I am a right wing Conservative, but Robin has my vote because he has done more for this town than anyone elseThat is a local politics. And let’s be clear, Robin does not hide his political colours behind a mask of independence (and nor do any of the other 7 Labour town councillors in Buckingham). He just works hard and people know it. He is a ‘Ronseal’ local councillor…
This is not the whole answer to the problem of declining electoral turnout (digital voting would be a start too), but I think we need many more honest, hardworking mavericks like Robin.
There are many already, but we need even more!
Good piece on why Robin Stuchbury was elected by the people of Bucks.Another nail in the coffin of national papers who refuse to cover such local news. Thanks.ReplyDelete
Thank you. I do hope the nationals pick up on the nationwide problem of plummeting turnouts though!Delete
You make some good points re falling turnout, Jon, but I don’t accept all of your arguments. A time there was when postal voting was presented as the great panacea, the instant cure for falling turnouts. We fell for it: hook line and SINKER. It has been costly, has been adopted by up to 20% of the electorate but the decline in turnout has remained, and been exacerbated. Its real effect has been a pernicious one: to down-grade the importance of Polling Day and to insulate those voting from the issues. It has made it easier for the committed to vote, but not added, significantly to their number. Debate – as with the recent analysis of UKIP’s flaws, sharpens as Polling Day approaches, but for postal voters the die has been cast, already!ReplyDelete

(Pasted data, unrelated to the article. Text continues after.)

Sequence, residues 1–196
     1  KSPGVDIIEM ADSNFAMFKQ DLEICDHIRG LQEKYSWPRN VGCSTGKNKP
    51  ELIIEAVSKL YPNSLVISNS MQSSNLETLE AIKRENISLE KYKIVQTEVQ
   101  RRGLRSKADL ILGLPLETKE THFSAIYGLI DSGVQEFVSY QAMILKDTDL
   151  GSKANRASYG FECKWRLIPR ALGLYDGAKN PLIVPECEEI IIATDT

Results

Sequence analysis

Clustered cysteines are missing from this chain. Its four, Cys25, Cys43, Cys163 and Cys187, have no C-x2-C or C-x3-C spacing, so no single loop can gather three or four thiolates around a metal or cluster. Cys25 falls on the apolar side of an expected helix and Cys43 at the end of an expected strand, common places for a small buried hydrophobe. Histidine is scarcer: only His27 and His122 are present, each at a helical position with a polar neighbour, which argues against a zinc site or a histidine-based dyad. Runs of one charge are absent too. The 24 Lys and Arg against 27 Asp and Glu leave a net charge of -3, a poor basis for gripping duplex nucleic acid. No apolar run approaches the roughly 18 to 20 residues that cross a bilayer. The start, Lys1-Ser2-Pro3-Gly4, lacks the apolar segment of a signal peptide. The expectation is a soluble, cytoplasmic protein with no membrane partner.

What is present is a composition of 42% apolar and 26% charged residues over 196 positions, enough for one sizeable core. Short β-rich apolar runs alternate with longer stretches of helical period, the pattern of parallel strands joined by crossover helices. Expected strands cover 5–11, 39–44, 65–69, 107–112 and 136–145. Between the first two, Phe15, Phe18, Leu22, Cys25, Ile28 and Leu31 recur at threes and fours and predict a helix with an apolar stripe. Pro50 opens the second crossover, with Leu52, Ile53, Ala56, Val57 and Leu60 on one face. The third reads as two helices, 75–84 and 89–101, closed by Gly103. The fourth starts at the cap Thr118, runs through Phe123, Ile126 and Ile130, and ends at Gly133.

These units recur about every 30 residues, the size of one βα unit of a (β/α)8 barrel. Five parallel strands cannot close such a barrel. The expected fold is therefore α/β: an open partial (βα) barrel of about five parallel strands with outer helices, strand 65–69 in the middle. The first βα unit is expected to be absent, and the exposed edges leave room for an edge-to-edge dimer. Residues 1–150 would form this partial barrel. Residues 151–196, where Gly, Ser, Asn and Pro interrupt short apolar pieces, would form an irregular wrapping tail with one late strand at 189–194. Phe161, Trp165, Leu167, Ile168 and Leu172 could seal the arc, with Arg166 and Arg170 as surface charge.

Digital voting will increase accessibility, should restore the primacy of Polling Day, should be more efficient, should make voters’ decisions more powerful (cheap as chips referenda?) and should be adopted quickly, but don’t expect an upswing in turnout, Jon.
Increasing accessibility does not, by necessity, increase the popularity of an activity. Choosing between 50 Shades of Grey is less enticing than opting from a limited palette of primary colours. Hence the appeal of Farage and Stuchbury, chalk and cheese, Man at the 19th hole and Labour-er. Hard-work, honesty, straight-talking, whether from the right or left appeals, certainly when voting at local level. Here, in Buckingham, we’ve grown tired of those who have said one thing to our faces in Buckingham, and voted another thing (or sat on their “interested” hands) in Aylesbury. Ed Grimsdale
Thanks Ed - I don't think we disagree on much here: postal voting has its place but it is not a panacea. Nor indeed is digital voting. Making voting easier through use of multiple channels will help, but the decline is down to many more factors, as you point out: not least the integrity of those elected to political office.Delete
I happen to be in favour of electoral reform since I think that is one of the factors too. Equally it seems to me that young people are not getting enough education / inspiration about all this stuff and are fed too narrow a diet of 'facts' and 'skills' (getting narrower as we speak c/o Michael Gove) - and not enough on ethics, politics, society and change.
It is complex. All I know is that one definition of madness is doing the same thing over and over and expecting a different result. We seem to be doing that while watching voting turnouts plummet.